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So What Happened to Star Wars Galaxies?


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<center>Confessions of an Aca/Fan: The Official Weblog of Henry Jenkins</center>

Earlier this week, Next Generation published a a short excerpt from my much longer discussion of Star Wars Gallaxies and user-generated content in Convergence Culture: Where Old and New Media Collide. The publication seems to have prompted game designer and theorist Raph Koster to blog about what he learned by adopting a more collaborationist approach to his fans. Here's some of what he had to say:

Some have since decided that it was listening to the players too much that caused some of the design problems with SWG. I am not sure I agree. If anything, I think that many subsequent problems came from not listening enough, or not asking questions in advance of changes. Walking a mile in the players' shoes is a difficult trick to pull off even if you have the best of intentions.
The tensest and most difficult moments in SWG's development -- and they came often -- were when we had to remove something that players really liked. Usually, it was against our own wishes, because of time constraints or (rarely) orders from on high. But we couldn't tell the players the real reasons sometimes. That sucked, frankly, because the open relationship really did matter. As often as we could, we laid everything bare.

These days, it's accepted wisdom that you don't reveal a feature until it's done, so as to guarantee that you never let the players down. Of course, even finished features sometimes fall out for one reason or another...

In any case, I think I don't agree with that philosophy. I'd rather have prospective players on a journey with the team, than have them be a passive group marketed to. Yes, they will suffer the ups and downs, and see the making of the sausage... but these days, that's getting to be an accepted thing in creative fields. There's not much to gain, to my mind, in having the creators sitting off on a pedestal somewhere -- people fall from pedestals, and pedestals certainly will not survive contact with Live operation of a virtual world. Instead, I'd rather the customers know the creators as people who make mistakes, so that when one happens, they are more likely to be forgiven or understood.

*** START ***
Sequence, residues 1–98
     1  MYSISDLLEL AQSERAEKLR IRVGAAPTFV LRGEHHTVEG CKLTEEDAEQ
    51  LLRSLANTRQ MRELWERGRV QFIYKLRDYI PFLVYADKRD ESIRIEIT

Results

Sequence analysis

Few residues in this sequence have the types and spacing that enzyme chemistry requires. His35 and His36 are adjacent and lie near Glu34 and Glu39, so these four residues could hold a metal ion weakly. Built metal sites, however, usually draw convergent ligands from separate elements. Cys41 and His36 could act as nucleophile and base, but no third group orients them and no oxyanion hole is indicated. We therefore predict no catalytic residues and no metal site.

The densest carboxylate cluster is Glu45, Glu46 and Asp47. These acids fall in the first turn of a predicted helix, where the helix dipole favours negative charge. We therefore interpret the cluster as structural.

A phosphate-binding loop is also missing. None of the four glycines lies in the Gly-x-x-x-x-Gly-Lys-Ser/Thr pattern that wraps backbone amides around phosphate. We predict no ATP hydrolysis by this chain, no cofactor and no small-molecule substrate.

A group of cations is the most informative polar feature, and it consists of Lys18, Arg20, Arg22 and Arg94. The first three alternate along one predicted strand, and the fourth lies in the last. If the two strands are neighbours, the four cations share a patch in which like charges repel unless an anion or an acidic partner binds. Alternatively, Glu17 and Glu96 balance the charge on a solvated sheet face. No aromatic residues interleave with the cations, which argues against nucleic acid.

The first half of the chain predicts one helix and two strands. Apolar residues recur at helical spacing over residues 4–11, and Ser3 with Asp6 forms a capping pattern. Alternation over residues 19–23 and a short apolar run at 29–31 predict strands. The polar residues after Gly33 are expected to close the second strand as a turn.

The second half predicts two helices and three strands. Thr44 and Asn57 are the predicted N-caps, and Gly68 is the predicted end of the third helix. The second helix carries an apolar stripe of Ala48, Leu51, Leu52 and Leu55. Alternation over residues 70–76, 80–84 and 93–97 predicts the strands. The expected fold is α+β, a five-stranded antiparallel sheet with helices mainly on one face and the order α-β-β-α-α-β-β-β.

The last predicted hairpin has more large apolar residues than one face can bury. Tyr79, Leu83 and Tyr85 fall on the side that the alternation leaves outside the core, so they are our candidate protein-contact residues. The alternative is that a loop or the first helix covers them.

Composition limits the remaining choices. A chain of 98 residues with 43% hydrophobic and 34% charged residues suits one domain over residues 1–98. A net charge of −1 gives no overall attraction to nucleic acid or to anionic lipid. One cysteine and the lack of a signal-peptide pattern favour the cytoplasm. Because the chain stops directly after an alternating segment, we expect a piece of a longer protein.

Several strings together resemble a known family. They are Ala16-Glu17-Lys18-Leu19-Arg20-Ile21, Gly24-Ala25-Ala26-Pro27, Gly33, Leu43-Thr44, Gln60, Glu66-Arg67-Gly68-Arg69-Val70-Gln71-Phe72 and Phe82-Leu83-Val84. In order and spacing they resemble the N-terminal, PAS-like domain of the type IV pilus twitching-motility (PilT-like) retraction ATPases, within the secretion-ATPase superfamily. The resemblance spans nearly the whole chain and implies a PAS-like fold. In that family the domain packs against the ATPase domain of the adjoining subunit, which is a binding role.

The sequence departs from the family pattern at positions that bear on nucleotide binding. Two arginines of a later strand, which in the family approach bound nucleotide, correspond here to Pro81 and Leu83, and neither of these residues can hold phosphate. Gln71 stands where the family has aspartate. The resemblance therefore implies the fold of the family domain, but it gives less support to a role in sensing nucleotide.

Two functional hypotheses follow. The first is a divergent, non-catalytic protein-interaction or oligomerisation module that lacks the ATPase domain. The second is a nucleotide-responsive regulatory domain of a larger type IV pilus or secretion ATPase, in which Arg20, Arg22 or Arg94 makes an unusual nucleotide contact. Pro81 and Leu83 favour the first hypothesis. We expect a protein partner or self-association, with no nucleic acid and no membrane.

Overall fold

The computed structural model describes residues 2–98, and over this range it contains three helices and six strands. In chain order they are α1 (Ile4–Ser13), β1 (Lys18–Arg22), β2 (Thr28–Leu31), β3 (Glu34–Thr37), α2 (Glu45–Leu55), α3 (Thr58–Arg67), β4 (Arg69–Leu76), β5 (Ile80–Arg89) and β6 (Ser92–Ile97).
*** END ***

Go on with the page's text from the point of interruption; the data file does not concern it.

One of the challenges of academic publishing is that the world can move out from under year in that long, long period of time between when you finish a book and when it hits the shelves. In the case of Convergence Culture, one of the biggest shifts was the meltdown which has occured in the relations between the players and creators of Star Wars Galaxies, much of which really hit the fan last December. I still think what the book says about Star Wars Galaxies -- Raph Koster, as the comments above suggest, remains a leading advocate for a more collaborationist relationship between producers and consumers; his approach does contrast with at least some of the policies that Lucas has applied elsewhere in dealing with other aspects of Star Wars fandom and so Star Wars represents a rich case study of the uncertain and unstable relations between media franchises and their consumers. If anything, these contrasts are even easier to see when we see how shifts in company leadership impacted the community around this particular game.

I have not been on the inside of that meltdown. Most of what I know came from a close reading of news reports about what happened and conversations with other games researchers, such as USC's Doug Thomas or UW's Kurt Squire. I am sure there are readers who could tell us more about what happened than I can and I would welcome them to share their experiences here. I prepared some reflections about what happened for our Convergence Culture Consortium partners newsletter last January.


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